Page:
Understanding Our Personality Traits
Often when I am with groups of people, sitting and talking with others I think, “Do I really want to spend my time talking about this?” The same thought rarely occurs to me when I am talking one on one with people because usually the conversation goes a little deeper, but group conversation? Not my thing. I kind of wish it was. It looks fun. Kind of. At least it looks like fun for them.
I’ve learned that I am an extroverted introvert, and in learning about my personality type, I own my traits more (rather than trying to cover them up) because I know I am not alone. There’s a whole group of people out there that are like me. I know that no one really falls into perfectly clear-cut personality groups (extrovert/introvert, Myers Briggs, Enneagram) but it is worth finding personality types we identify with.
There are thousands (millions? billions?) of others in the world who share our feelings and ways of relating to others. Somehow, reading about our personality traits (good and bad) published in a book, magazine or blog, by someone who doesn’t even know us, makes them easier to talk about. It somehow doesn’t seem so personal because it is a ‘personality type’. Of course, it is likely even more accurate to learn about our personality traits through self-reflection and input from those in our lives, but how willing are we to listen to our partner, boss or mother-in-law point out our flaws?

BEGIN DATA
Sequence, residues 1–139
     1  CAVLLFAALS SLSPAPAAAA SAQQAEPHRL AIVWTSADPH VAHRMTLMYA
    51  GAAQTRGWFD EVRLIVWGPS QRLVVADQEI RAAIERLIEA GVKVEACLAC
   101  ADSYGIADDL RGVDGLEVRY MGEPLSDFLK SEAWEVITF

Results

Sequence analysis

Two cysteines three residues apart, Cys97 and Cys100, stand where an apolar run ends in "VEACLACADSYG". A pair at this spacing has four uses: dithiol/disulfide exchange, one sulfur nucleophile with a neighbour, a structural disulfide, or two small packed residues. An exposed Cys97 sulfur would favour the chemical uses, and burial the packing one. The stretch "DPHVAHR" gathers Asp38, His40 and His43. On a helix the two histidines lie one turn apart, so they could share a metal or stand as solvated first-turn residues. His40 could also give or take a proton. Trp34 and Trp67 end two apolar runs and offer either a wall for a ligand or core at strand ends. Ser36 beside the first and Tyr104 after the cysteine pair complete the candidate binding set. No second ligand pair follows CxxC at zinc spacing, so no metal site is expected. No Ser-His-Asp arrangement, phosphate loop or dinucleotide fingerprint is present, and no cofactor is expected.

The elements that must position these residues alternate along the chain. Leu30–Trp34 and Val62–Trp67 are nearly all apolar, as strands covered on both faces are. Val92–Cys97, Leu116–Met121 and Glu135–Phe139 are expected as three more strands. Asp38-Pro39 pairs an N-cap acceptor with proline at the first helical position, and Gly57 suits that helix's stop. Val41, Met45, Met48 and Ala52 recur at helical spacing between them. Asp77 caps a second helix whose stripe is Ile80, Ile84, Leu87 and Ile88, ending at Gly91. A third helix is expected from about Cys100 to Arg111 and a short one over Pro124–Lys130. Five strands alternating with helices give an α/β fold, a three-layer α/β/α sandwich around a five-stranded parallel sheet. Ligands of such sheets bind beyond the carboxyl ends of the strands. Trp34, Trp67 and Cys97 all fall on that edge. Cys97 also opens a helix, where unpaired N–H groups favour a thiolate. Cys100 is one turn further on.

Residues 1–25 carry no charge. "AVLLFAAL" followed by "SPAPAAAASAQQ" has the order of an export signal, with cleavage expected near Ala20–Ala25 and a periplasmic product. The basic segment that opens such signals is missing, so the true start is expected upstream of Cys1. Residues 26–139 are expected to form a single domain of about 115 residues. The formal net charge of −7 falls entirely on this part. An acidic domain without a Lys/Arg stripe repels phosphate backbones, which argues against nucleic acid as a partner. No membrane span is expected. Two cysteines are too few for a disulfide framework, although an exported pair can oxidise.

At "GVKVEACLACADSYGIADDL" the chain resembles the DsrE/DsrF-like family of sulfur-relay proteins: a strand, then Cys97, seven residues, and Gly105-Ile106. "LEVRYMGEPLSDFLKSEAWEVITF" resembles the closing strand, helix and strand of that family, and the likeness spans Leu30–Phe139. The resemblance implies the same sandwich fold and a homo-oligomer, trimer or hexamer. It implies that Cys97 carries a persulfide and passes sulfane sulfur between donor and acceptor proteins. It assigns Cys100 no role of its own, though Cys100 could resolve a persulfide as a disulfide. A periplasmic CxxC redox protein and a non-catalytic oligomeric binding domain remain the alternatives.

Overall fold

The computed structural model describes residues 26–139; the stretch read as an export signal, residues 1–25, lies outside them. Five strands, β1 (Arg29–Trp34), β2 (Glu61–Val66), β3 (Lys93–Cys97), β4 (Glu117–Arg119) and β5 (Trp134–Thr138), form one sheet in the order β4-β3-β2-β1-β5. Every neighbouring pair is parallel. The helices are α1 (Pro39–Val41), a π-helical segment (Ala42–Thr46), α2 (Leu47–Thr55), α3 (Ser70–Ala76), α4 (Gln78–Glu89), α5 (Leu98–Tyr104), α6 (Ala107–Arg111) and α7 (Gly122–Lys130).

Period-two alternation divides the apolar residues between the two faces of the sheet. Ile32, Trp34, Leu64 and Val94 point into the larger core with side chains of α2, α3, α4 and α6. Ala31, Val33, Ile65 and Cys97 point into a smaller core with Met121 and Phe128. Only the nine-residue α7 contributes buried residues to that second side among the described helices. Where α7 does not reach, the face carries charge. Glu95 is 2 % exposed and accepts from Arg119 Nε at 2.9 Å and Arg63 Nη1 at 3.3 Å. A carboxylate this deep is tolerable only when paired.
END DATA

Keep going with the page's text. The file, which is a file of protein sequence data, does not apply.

There is power in understanding ourselves because then we can explain our behaviour to others. For example, if you are quiet on the way home from a social gathering, you can say, “I need a break from talking. All that conversation was draining for me!” Then your quiet behaviour has been explained and no one gets hurt feelings. Or conversely, “I got so excited seeing all my old friends again that I couldn’t just sit and visit with a few people, I needed to make sure to talk with everyone!” can explain why you might have looked like you were interested in everyone except your partner at the party.
When we are aware of our behaviour and can explain it to others, we are easier to love and accept because it removes the question of what our intention is. Being honest about our traits actually can be kind of endearing, plus it can save us from a lot of needless misunderstandings.
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